1. Whether the post-conviction court erred in concluding that - despite the finding Syed's trial counsel rendered ineffective assistance in failing to investigate a potential alibi witness - counsel's deficient representation did not violate Syed's Sixth Amendment right because Syed was purportedly not "prejudiced."
2. Did the post-conviction court abuse its discretion when it reopened Syed's post-conviction proceeding to consider the claim of ineffective assistance of counsel for trial counsel's failure to properly challenge the reliability of the cell tower location evidence?
3. Did the post-conviction court err by determining that Syed did not waive his ineffective assistance of counsel claim pertaining to trial counsel's failure to properly challenge the reliability of the cell tower location evidence?[4]

         Syed's Questions on His Claims of Ineffective Assistance of Counsel:

1. Did the post-conviction court err by holding that Syed's right to effective assistance of counsel was not violated when trial counsel failed to pursue a plea deal with the State?
2. Did the post-conviction court err by holding that Syed's right to effective assistance of counsel was not violated when trial counsel failed to investigate McClain as a potential alibi witness?

         For the reasons set forth below, we affirm the judgment of the circuit court, but do so by concluding that Syed's Sixth Amendment right to effective assistance of counsel was violated by trial counsel's failure to investigate McClain as a potential alibi witness. Accordingly, we remand the case for a new trial.

         BACKGROUND

         A. Trial

         At trial, [5] the State's theory was one of a scorned lover. The State described Syed as resentful when Hae ended her and Syed's on-again, off-again relationship in November of 1998. According to the State, this resentfulness only grew after Syed discovered that at the beginning of January 1999, Hae had begun dating Donald Cliendinst ("Don"). To make matters worse, Hae's new relationship quickly became common knowledge among students and teachers at Woodlawn High School, where both Hae and Syed were enrolled as students in the Magnet program for gifted students.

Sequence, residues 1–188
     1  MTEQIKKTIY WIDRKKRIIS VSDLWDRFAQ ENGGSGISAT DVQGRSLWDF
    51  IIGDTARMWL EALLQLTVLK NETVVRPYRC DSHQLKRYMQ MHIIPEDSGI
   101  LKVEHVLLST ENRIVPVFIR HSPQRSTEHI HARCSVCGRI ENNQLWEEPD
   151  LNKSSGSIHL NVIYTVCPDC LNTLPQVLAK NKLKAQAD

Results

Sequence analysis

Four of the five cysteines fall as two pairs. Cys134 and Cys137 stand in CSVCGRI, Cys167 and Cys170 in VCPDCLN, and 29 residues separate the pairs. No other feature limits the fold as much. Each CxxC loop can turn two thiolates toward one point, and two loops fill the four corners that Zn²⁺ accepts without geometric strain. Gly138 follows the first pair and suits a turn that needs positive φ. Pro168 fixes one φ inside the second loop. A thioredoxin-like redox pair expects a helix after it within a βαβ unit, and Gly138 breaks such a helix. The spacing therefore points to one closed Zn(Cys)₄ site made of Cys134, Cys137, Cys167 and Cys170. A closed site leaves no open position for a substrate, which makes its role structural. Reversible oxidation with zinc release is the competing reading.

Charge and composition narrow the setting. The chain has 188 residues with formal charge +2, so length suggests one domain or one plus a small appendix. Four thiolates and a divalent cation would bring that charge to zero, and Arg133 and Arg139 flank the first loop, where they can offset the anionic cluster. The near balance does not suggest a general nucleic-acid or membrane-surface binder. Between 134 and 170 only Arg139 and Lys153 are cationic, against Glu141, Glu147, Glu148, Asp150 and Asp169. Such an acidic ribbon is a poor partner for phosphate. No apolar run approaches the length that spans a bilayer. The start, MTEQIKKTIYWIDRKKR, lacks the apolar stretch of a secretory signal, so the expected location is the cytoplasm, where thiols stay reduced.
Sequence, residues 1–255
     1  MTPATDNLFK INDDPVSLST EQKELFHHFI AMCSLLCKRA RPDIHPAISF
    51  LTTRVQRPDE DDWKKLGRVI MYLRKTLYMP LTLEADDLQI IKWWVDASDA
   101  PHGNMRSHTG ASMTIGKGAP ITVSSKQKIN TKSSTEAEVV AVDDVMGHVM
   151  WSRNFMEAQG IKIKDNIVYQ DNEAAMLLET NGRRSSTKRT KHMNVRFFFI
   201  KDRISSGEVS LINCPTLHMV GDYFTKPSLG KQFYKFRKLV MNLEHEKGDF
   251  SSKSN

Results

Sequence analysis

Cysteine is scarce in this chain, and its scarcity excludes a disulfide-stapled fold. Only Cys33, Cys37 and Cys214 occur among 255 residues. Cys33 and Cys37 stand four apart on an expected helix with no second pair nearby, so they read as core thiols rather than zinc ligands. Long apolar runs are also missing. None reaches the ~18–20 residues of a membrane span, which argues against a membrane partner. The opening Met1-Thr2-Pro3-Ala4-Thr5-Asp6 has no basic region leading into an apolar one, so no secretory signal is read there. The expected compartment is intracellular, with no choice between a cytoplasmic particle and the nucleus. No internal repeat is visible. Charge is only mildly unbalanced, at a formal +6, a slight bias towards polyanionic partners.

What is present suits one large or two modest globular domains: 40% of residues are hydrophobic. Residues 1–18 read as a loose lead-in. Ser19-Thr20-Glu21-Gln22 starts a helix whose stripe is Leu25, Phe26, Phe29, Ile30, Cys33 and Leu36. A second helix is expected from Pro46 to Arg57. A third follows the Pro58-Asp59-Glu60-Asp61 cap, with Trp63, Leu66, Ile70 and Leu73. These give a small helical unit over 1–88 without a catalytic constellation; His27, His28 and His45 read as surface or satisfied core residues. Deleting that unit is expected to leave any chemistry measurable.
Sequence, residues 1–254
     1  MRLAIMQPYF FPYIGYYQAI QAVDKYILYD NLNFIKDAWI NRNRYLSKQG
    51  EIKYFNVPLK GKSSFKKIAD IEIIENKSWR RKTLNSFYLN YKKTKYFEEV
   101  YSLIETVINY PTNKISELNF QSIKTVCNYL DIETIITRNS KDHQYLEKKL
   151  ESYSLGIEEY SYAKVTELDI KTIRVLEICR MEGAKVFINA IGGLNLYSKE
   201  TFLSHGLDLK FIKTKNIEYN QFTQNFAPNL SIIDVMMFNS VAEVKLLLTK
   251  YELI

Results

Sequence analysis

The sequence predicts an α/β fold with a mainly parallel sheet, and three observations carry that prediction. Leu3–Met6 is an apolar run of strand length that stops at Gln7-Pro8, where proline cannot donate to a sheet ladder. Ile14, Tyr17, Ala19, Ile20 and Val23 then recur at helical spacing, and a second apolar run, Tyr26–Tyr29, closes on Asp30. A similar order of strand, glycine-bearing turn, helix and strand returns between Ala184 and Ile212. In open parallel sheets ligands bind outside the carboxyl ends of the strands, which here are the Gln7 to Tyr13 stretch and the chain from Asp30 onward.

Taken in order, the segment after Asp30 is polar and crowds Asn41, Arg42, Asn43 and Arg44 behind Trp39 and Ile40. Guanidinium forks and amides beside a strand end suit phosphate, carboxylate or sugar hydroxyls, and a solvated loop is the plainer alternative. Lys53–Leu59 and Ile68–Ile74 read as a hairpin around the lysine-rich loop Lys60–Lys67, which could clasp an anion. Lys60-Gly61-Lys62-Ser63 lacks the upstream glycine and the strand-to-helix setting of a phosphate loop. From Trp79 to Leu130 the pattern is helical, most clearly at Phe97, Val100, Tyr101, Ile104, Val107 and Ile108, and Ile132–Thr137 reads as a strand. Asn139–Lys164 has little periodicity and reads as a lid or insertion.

The State theorized that sometime before the school day ended on January 13, 1999, Syed asked Hae for a ride so that he could pick up his car at the repair shop, knowing that she would say yes. During that ride, Syed, a regular operator of Hae's Nissan Sentra, drove them to the Best Buy parking lot situated off Security Boulevard in Baltimore County, a location frequented by them during their courtship. Central to the State's theory was that Syed murdered Hae between 2:15 p.m. and 2:35 p.m. in the Best Buy parking lot by strangling her and then placing her body in the trunk of her car. The State adduced evidence showing that later that night, Syed and Jay Wilds (the State's key witness) buried Hae's body in Leakin Park.

         A summary of the evidence adduced at trial in a light most favorable to the State is set forth below.

         1. The Day of the Murder

         a. Morning of January 13, 1999

         At 10:45 a.m. on January 13, 1999, Syed used his newly purchased cell phone[6] to call Wilds's home phone. Syed asked Wilds if he had any plans that day, to which Wilds replied that he needed to go to the mall to purchase a birthday present for his girlfriend. Syed stated that he would give Wilds "a lift." Later that morning, Syed arrived at Wilds's house in a tan four-door Honda Accord, and the two drove to Security Square Mall.

         After shopping, Syed told Wilds that he had to get back to school, because his lunch period was ending. During the drive to school, Syed told Wilds "how [Hae] made him mad, " and declared, "I'm going to kill that bitch . . . ." Wilds dropped Syed off at school, and Syed permitted Wilds to drive his car and keep Syed's cell phone. Syed said that he would give Wilds a call when he was ready to be picked up.

         b. Midday